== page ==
JNF goes online to help alleviate Israel's water crisis

"31 Days for Israel" campaign that aims to raise two million dollars during the month of May to build more reservoirs in Israel.

golan water reservoir (photo credit: Ariel Jerozolimski)
golan water reservoir
(photo credit: Ariel Jerozolimski)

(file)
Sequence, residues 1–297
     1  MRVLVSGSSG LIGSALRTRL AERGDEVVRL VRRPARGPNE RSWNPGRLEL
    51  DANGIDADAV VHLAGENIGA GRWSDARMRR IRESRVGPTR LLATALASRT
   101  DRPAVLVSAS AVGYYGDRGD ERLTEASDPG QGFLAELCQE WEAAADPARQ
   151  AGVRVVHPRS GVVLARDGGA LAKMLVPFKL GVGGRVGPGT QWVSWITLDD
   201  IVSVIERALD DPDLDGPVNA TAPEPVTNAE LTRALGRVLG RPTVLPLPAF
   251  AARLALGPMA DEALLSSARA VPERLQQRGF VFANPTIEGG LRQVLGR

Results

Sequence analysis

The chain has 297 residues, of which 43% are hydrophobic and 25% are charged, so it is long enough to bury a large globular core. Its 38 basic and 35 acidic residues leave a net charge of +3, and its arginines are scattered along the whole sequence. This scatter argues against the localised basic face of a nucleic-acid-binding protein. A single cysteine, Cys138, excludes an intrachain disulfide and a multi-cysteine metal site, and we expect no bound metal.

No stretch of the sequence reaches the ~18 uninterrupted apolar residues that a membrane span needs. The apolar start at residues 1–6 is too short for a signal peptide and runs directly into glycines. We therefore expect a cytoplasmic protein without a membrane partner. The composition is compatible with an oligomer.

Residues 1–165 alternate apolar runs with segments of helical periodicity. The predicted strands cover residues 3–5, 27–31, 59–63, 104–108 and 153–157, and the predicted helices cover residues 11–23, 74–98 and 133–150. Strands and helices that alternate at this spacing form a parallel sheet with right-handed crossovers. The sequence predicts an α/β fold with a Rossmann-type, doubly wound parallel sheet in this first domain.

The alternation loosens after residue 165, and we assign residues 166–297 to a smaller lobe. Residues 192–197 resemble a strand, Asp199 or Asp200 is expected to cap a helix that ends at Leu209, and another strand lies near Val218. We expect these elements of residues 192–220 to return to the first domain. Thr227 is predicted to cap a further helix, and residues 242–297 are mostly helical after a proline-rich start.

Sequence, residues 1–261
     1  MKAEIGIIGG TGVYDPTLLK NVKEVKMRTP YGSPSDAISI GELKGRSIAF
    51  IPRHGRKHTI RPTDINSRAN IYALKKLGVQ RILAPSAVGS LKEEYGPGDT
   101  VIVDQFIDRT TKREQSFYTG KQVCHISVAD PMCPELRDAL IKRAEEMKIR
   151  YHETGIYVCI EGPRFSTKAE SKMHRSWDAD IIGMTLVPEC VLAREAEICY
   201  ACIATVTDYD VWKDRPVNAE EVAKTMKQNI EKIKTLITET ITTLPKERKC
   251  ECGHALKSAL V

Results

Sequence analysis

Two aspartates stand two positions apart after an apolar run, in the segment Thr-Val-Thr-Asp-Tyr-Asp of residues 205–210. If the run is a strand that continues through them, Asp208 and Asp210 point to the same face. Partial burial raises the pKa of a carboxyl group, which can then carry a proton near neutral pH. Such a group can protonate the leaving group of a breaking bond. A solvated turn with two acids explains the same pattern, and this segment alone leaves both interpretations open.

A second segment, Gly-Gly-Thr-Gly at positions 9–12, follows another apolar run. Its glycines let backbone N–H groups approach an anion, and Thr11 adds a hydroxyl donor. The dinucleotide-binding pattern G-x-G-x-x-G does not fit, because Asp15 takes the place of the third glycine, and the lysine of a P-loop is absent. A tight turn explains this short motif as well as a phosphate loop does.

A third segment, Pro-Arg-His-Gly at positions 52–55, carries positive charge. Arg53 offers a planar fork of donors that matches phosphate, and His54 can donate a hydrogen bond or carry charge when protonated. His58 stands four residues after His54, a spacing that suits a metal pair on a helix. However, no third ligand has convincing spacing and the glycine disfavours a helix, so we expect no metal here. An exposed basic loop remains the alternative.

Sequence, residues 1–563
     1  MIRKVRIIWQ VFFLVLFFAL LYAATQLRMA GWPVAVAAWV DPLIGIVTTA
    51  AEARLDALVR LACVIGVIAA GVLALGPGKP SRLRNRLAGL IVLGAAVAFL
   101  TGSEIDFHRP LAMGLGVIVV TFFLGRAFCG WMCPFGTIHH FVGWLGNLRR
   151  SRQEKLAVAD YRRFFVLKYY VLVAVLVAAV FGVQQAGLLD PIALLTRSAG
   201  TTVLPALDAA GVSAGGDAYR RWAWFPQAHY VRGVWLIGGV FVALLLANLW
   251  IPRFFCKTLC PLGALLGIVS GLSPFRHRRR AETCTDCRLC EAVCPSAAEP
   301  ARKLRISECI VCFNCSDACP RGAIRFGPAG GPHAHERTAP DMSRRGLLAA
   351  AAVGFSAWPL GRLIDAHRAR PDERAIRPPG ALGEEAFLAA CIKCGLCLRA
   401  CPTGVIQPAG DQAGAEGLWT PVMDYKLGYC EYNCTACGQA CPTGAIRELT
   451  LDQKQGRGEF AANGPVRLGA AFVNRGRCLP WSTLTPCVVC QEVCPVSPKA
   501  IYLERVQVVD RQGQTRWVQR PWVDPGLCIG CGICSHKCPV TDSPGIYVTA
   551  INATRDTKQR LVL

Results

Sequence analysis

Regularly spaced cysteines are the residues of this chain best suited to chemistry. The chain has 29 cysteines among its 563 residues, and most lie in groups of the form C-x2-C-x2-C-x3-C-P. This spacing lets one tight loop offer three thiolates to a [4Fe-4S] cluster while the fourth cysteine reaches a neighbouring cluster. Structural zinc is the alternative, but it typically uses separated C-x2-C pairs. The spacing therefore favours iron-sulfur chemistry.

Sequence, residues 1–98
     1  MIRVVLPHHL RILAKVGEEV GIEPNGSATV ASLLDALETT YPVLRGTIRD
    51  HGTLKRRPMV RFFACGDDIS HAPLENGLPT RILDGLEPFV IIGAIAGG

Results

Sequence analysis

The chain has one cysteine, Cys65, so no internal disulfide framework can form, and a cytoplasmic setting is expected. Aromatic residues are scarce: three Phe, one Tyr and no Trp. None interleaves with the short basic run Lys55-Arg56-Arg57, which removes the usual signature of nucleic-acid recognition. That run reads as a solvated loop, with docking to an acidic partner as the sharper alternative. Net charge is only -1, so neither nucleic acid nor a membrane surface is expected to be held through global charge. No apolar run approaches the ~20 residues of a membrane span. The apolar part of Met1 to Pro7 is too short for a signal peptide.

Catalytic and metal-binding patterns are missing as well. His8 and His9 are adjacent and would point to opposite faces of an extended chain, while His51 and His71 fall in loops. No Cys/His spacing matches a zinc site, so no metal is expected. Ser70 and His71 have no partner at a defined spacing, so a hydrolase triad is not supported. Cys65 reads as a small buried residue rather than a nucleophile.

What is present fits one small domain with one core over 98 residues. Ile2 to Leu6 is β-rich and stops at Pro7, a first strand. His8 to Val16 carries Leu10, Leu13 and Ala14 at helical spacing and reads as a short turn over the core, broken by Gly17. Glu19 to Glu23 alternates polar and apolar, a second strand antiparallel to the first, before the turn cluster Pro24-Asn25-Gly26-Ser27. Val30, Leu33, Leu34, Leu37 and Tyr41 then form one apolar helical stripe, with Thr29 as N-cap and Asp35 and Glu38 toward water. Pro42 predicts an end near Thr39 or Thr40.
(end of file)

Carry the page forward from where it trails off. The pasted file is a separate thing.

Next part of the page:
Determined to help alleviate the country's water crisis, the Jewish National Fund (JNF) is launching a "31 Days for Israel" campaign that aims to raise two million dollars during the month of May to build more reservoirs in Israel. Using the Internet, the JNF is reaching out to its lay leadership across the US to create teams who will forward the message across the web to other potential donors. Participants can create personalized home pages on the topic using material prepared by the JNF, which they can then use to recruit others to spread the word. "We've used this technology very successfully before," said Ira Bartfield, JNF's national community campaign chair, "so we know it works." The message is an urgent one. "This crisis affects the entire Middle East," said JNF vice president Chuck Fax. "But it's a silent crisis; one that doesn't get the headlines." There are two major reasons why Israel's water shortage has reached such extreme proportions: drought and over-consumption. Between the natural aridity of the region and a growing demand that far exceeds the supply provided in the annual recharge of Lake Kinneret (Sea of Galilee) and the coastal and mountain aquifers (Israel's only sources of fresh water), Israel faces the constant threat of a dramatic water crisis. During the last decade, Israel experienced an unprecedented series of diminished annual rainfalls, and this drought cycle has caused a dramatic dwindling of its fresh water supply. The Water Authority recently announced that due to low precipitation, high irrigation consumption and pollution, the amount of usable water supplies in the country are at a 10-year low. By year's end, the authority said, the Kinneret's level will likely drop below the so-called "red line," when pumping will have to stop as the machinery will no longer be submerged. Officials said Israel may soon have to ration water, a measure last imposed in the late 1990s. The JNF foresaw the significance of the water issue and began allocating resources to build reservoirs in the late 1980s. To date, 200 reservoirs and dams have been built across Israel, adding 250 million cubic meters of treated water and flood water to Israel's national water economy, or 10% of the total water supply. This water irrigates over 450 thousand dunam (about 112 thousand acres) of orchard and field crop that would otherwise use up scarce fresh water. JNF reservoirs meet about 40% of Israel's agricultural water needs, thereby alleviating the pressure of supplying drinking water to the population. Currently, 340 million cubic meters of waste water in Israel is not getting recycled. The JNF has committed to building another 20 reservoirs over the next two years.